~~And ~~
for determining this Situation of the Eye, in re-

~~A Plane parallel to the Horizon, paſſing thro’ the ~~

~~and this is ~~
call’d the Horizontal Plane:

~~As OMVNL.~~
~~
~~

~~The Interſection of this Plane and the Perſpective ~~

~~As M V N.~~
~~
~~

~~The Perpendicular drawn from the Eye to the Ho-~~

~~As O V.~~
~~
~~

~~The Point V, wherein the ſaid Perpendicular meets ~~

cipal Point.

~~
~~

~~Note, There is a Perpendicular, let fall from ~~
the Eye upon the Geometrical Plane, meaſuring

the Height of the Eye.

~~
~~

~~The Point S, wherein the ſaid Perpendicular meets ~~

~~
~~

~~The Plane paſſing thro’ the aforeſaid Perpendicular, ~~

~~As SOLI.~~
~~
~~

~~The Interſection V H of this Plane, and the Per-~~

~~
~~

~~And S H I, the Interſection of it, and the Geo-~~

~~
~~

~~Points of Diſtance, are two Points in the Hori-~~

by the length of the principal Ray;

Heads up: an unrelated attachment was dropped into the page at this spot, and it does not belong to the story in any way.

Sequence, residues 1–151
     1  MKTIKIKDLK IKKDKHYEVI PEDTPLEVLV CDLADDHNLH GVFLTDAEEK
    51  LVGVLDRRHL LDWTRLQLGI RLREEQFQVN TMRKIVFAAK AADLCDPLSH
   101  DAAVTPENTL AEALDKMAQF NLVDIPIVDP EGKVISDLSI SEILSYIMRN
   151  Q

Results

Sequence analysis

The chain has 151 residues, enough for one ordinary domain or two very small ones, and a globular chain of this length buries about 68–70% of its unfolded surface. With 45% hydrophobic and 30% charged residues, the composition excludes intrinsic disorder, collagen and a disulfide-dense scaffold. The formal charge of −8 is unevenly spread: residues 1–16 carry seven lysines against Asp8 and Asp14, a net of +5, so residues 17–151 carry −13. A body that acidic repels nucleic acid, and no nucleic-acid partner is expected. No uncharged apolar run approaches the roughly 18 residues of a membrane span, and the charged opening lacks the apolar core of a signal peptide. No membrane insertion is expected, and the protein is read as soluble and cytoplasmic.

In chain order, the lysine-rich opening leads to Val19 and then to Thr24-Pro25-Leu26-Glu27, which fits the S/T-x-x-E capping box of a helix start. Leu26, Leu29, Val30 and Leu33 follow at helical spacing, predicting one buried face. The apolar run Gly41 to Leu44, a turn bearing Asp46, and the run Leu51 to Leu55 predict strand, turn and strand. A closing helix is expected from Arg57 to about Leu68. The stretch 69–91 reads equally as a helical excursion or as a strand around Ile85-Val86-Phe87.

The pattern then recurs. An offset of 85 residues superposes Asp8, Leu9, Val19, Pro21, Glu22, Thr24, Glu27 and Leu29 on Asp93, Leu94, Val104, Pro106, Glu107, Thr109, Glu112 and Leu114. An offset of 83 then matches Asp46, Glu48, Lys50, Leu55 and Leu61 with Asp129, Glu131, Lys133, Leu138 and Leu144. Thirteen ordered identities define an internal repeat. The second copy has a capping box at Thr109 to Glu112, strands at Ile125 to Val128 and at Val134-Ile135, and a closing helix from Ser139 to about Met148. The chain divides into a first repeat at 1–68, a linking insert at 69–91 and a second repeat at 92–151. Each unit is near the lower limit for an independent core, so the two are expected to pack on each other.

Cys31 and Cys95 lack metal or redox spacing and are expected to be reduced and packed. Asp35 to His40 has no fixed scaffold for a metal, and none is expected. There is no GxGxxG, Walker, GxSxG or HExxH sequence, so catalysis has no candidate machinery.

~~as MN.~~
~~
~~

~~The Geometrical Line, is a Line, that paſſes ~~

Line, as A B.

~~
~~

~~The Seat of an Object, is the Concurrence of Per-~~

Geometrical Plane, and the ſaid Plane.

~~
~~

~~The Direction of a Line inclined to the Geometri-~~

another Plane perpendicular thereto, paſſing through

the ſaid inclined Line.

~~
~~

CHAP. II.
The Theory of Perſpective.
Lemma.
~~
~~
Fig. 3.
An ESSAY

~~3. ~~
~~THE Perſpective, or Appearance of a ~~
Right Line, as A B, which being con-

tinued, does not paſsthrough the Eye O, is like-

~~For the Rays, by which the ~~
Line A B is perceived, form a Plane cutting

the perſpective Plane;

~~and the common Section ~~
of theſe two Planes is a right Line, as a b.

~~
~~

~~4. ~~